Itch, scratch, itch, scratch, it’s a vicious cycle for humans and pets. But it’s not the only one tied to allergies. Food, seasonal, and yes, dog beds can cause allergies, and the symptoms can be anything from coughing to gastrointestinal discomforts.
So, if you’re noticing some strange behavior in your pet (or you), we’ll fill you in on why your dog bed could be problematic. And, even if you think your dog bed is causing allergies, don’t throw it away just yet. There might be a better solution.
- Is it possible for dog beds to cause allergies?
- How can you tell?
- Do you have to throw away the dog bed?
- Could you end up with dog bed allergies?
Is It Possible for Dog Beds to Cause Allergies in Pets?
Dogs have skin, eat food, and breathe in the same air as the rest of us. So, they can be just as uncomfortable from time to time. Sometimes things just don’t agree with us.
Were you aware that houseplants, smoke, pollen, and cleaning solutions are just a few on a long list of irritants for pets? It might take a while to figure it out, though. You can tell when your fur baby has an adverse reaction to food, but scratching or just general yuckiness could be quite a few things.
As a responsible dog parent, you want the best for your little guy or girl, so it’s a good thing that you happened upon this blog post. Because, yes, dog beds cause allergies in some pets. But there’s more than one reason, so a solution isn’t one-size-fits-all.
How Your Dog Bed Could Prompt an Allergic Reaction?
It might seem a bit odd to say that your dog bed is causing allergies but think about it. It’s fabric-covered and filled with unknown materials. Those two things are enough to prompt irritation in some pets.
Have you ever worn a wool sweater and ended up with welts on your skin?
Three Ways Dog Beds Cause Allergies
However, while the material seems like the apparent catalyst, there are three reasons why your dog bed could cause allergies.
- The material (inside or outside)
- What the bed is attracting
- Cleaning solutions
We have another blog post dedicated to dog bed safety for puppies. In that rundown, we address toxic versus non-toxic fabrics and filling. It’s a good idea to look for chemical-free options and removable covers.
Non-toxic alternatives keep your furry family members safe if they end up chewing up their comfy sleeping area. Additionally, though, there’s less chance of dog bed allergies with natural fabrics and stuffing. That’s not a slam dunk solution, but your choice of bed can make a significant difference.
Dog Beds are Like Magnets
One of the top causes of dog bed allergies is what they attract. Dust mites, molds, and pollens are airborne and looking for a soft spot to land (just like your pet).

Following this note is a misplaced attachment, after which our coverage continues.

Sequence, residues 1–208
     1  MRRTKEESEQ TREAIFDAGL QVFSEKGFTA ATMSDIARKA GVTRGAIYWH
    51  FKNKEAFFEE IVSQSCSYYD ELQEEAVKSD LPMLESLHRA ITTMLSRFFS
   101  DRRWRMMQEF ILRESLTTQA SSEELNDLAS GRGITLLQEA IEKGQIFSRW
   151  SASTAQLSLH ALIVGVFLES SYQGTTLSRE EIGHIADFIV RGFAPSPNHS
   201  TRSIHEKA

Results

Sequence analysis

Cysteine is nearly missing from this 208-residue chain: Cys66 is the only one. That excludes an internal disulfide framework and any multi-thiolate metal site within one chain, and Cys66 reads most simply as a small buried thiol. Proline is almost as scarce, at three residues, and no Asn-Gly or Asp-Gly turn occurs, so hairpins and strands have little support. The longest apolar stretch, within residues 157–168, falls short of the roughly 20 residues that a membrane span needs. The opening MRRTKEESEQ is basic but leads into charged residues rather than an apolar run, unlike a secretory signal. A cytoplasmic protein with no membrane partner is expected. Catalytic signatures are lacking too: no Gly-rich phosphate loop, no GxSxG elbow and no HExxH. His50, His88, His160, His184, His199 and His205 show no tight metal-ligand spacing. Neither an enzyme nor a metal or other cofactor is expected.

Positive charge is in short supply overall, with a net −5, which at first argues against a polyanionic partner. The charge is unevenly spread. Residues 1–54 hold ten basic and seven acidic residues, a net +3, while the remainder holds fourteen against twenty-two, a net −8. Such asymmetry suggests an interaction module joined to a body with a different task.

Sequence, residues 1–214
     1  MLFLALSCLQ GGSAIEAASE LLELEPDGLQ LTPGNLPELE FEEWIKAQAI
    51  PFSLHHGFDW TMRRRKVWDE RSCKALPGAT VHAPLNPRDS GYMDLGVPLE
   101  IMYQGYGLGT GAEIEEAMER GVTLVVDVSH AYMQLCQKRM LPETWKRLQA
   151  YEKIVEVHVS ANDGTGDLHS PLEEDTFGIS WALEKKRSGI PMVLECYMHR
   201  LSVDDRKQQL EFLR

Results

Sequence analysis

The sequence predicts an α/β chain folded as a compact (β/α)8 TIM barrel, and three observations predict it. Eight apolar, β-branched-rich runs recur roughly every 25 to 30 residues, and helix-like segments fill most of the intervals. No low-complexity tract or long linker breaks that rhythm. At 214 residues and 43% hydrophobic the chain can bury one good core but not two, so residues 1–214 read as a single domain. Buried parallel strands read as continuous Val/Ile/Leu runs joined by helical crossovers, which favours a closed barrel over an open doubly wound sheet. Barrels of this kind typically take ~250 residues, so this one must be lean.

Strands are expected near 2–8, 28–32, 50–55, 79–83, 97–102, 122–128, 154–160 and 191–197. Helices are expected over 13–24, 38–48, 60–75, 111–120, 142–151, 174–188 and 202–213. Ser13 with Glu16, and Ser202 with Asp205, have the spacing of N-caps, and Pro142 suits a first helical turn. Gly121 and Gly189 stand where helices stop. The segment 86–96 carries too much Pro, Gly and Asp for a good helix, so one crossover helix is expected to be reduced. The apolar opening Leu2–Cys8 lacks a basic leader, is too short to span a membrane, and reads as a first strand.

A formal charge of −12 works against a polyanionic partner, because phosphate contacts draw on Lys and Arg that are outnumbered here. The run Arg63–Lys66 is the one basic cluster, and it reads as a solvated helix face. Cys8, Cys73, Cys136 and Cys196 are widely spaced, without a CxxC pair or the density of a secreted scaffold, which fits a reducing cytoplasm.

So, if you notice that your canine friend was doing well sleeping on a dog bed but later exhibited symptoms like inflamed and itchy skin, you know who to thank. In this case, you might be able to turn things around quickly with a good vacuuming and surface cleaning.
When Cleaning is Problematic
It seems a bit odd to suggest cleaning the dog bed to ease allergy symptoms and then turn around and suggest that it’s a problem. But, again, dog beds cause allergies for different reasons.
Your pets may do just fine with their beds, and then you tidy up, and bam – everything changes.
When cleaning solutions prompt dog bed allergies, you’ve got a relatively easy fix. There are plenty of natural products that’ll erase the damage done by former cleaning methods and get your dog right back on track enjoying restful, peaceful, non-irritating sleep.
Do You Have to Throw Away Your Dog Bed?
We’ve reviewed a seemingly endless list of dog beds, and we know that they’re not cheap. Some of the better ones can run you a few hundred or more. So, we get it. You don’t want your pet to suffer from adverse reactions, but you’re hesitant to get rid of your investment.
Well, the good news is that you might not have to hire movers to get that dog bed out of your house.
Just as there are three reasons for dog beds causing allergies, there are equally as many possible solutions to the problem.
Is the dog bed the problem itself?
This is the most challenging dilemma to solve. But it’s worth trying a cover. If it’s thick enough, it’ll do the trick. And, the good news is that there are covers that’ll fit most beds, and they’re usually washable, so cleaning is a breeze.
What about dust mites, molds, and pollens?
When your pet is allergic to what the dog bed is attracting, frequent cleaning could help tremendously. Again, when it comes to pet beds, a cover is your best friend. Throw it in the wash with some hypoallergenic detergent every few days or so, and Rover and Fifi could be as good as new, too.
How to solve the cleaning issue?
If cleaning products are causing dog bed allergies, all you have to do is find a good hypoallergenic alternative. You could even make a homemade custom blend. Give the bed and cover a good re-cleaning, and, hopefully, you’ll see a noticeable difference.
Note: these are suggestions for minor allergy symptoms. If you notice that your dog is having a severe reaction or nothing seems to ease the discomfort, be sure to contact your veterinarian.
Can Dog Beds Cause Allergies in Humans?
We started by discussing how dogs are like humans when it comes to various irritants. Now, we’ll do a 180, as dog beds can also prompt an adverse reaction in you.
But, unless you’re severely allergic to the fabric or filling, the dog bed is probably just contributing to your symptoms. You’re most likely affected by dust mites, molds, or pollens that can rest on the bed and become airborne again when your pet lays down.
So, if you find that you’re sneezing more often or feel itchy from time to time, you might want to give the bed a good cleaning and see if that helps.
Again, though, we’re not medical professionals. So, don’t hesitate to contact your physician. Allergies aren’t fun for anyone.